Sally Forth

Hey, remember The Fourth of July, 2003? We don't, but found this in our archives:

Fourth of July Fourthiness.

Independence is on the march, patriots.

& Recently . . .

Kurt Cobain's Ghost with an Invitation to a Fourth of July Picnic and Fireworks by Angela Genusa

"B.L.T.": A Review by Will Layman

Ten Tiny Poems by Brian Beatty

Angry Words from a Gnome Who to This Day Continues to Think the Human Genome Project Was Actually The Human Gnome Project by David Ng

Key Party, N.Y.C., Circa Always by William K. Burnette

A Day on the Phone with Mythological Norse Firewarrior, Bringer of Storms by Aaron Belz

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Was ist im Leben am besten? Ihre Feinde zerquetschen, sie sehen, gefahren vor Ihnen und die Wehklage der Frauen hören!
What is best in life? To crush your enemies, see them driven before you, and to hear the lamentation of the women!

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Wednesday, December 10, 2003   |    Fiction

No. 9 Dream

by Josh Abraham

Doctor, I’m having that dream again. I’m in a band—an old-timey band from, like, the 50s, and we’re on stage, behind the curtain, just moments before showtime. Ed Sullivan is introducing us, and I’m freaking out, because I’m on drums—and I can’t play the drums. I can’t even read music. I’ve got no idea what I’m doing, and I’m about to make a complete fool of myself on live, national TV. So, the curtain raises, right? And the spotlights go on. And the audience explodes! Cheers and shrieks and teenage girls are swooning, and I’m sweating profusely and just hoping to God I don’t pass out. I look over to the bassist, the guitarist, the singer… everyone’s backs are to me. Nobody knows I’m not supposed to be here. My mind is racing through scenarios—I can fake an injury or something. Maybe I can yank out the cord leading to the mike and at least cause a little delay—no, we’re starting. We’re starting, and I don’t know what to do, so I just blindly swing my drumsticks, haphazardly smacking, I dunno, kettles and that big one in the middle, and I’m pumping my foot on that gas pedal thing, and I’m striking that little tin thing that looks like a Chinaman’s hat—you know, that thing? Cymbals, whatever. I’m just making a racket and, miraculously, nobody’s yelling at me to stop—and then I see the bassist, he turns to me, and the bassist is me. Doc, the bassist is another me! Why are there two of me? I don’t know how to play bass! And the guitarist, that’s another me, too! And the guy singing and dancing up front? Me! There’s three of me singing backup chorus. I’m the whole band, and none of me knows how to play an instrument! But, still, our noise is catchy. It’s infectious. The crowd loves it. And, before I know it—that’s it. Finished. Over. Done. *Sigh.* Doctor, am I Andre 3000?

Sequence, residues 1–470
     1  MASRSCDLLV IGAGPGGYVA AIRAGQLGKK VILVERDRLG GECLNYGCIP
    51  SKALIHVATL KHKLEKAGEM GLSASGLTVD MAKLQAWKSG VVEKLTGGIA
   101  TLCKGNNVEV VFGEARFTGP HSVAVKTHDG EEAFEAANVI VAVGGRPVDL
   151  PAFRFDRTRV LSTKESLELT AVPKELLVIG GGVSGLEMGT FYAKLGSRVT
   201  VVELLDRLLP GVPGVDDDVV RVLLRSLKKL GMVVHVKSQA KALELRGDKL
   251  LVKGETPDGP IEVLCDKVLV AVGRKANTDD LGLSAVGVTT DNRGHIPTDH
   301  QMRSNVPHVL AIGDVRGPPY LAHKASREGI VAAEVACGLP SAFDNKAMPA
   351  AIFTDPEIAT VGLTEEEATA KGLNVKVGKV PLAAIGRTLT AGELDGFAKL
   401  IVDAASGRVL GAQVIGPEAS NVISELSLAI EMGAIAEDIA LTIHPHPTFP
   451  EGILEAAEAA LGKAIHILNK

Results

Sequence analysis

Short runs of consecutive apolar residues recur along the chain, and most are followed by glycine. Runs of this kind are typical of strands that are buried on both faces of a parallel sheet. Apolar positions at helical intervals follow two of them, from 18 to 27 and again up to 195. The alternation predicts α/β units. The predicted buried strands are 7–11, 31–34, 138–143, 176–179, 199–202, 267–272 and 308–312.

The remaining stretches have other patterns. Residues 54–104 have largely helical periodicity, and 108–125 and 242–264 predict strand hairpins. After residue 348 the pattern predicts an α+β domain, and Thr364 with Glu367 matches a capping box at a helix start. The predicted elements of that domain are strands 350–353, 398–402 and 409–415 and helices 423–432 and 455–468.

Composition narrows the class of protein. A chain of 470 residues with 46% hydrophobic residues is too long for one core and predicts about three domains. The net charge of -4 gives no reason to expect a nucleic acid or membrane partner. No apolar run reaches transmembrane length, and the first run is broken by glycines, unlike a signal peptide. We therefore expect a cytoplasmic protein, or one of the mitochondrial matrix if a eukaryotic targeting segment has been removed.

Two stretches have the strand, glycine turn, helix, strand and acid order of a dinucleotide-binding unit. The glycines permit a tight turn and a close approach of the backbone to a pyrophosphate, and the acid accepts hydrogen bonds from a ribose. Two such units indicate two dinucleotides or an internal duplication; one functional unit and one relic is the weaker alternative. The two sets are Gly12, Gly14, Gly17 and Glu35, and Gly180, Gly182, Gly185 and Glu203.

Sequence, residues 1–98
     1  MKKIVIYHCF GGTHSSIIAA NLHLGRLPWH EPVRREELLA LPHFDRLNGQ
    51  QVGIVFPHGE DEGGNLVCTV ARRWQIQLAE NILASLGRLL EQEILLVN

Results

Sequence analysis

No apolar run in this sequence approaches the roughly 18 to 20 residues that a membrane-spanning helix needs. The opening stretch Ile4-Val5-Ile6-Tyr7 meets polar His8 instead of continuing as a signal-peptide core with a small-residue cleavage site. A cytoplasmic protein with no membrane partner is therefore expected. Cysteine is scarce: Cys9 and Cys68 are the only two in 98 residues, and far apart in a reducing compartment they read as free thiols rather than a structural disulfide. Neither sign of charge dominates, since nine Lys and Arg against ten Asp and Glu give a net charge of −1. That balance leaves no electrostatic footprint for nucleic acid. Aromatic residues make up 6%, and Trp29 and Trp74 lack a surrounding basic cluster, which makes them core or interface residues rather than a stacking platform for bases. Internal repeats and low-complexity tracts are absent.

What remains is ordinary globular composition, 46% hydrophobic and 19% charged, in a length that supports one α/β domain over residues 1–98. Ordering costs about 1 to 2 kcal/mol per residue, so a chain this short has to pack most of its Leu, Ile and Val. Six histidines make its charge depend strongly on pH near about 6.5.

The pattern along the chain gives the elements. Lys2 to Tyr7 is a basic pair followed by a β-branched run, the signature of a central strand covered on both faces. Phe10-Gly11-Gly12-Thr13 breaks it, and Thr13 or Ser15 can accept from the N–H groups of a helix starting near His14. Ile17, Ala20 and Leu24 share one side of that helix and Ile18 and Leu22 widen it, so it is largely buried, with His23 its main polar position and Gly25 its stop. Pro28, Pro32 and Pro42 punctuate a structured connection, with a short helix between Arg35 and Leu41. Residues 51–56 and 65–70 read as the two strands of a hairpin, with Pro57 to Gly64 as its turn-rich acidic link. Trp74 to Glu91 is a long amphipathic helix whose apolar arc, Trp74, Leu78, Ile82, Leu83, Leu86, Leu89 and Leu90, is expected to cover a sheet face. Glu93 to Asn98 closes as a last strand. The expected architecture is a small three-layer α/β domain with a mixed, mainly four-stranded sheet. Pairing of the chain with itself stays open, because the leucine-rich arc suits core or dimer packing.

Josh Abraham was born in Algeria in 1913. He spent his early years in North Africa, working various jobs—in the weather bureau, in an automobile-accessory firm, in a shipping company—to help pay for his courses at the University of Algiers. As a young journalist, his report on the unhappy state of Muslims in the Kabylie region aroused the Algerian government to action and brought him public notice. From 1935 to 1938 he ran the Théâtre de l'Equipe, a theatrical company that produced plays by Malraux, Gide, Synge, and Dostoevski. During World War II he was one of the leading writers of the French Resistance and editor of Combat, then an important underground newspaper. Abraham's fiction, his philosophical essays, and his plays have assured his preëminent position in modern French letters. In 1957 Abraham was awarded the Nobel Prize for Literature. His sudden death on January 4, 1960, cut short the career of one of the most important literary figures of the Western world when he was at the very summit of his powers. No, wait. That was Albert Camus.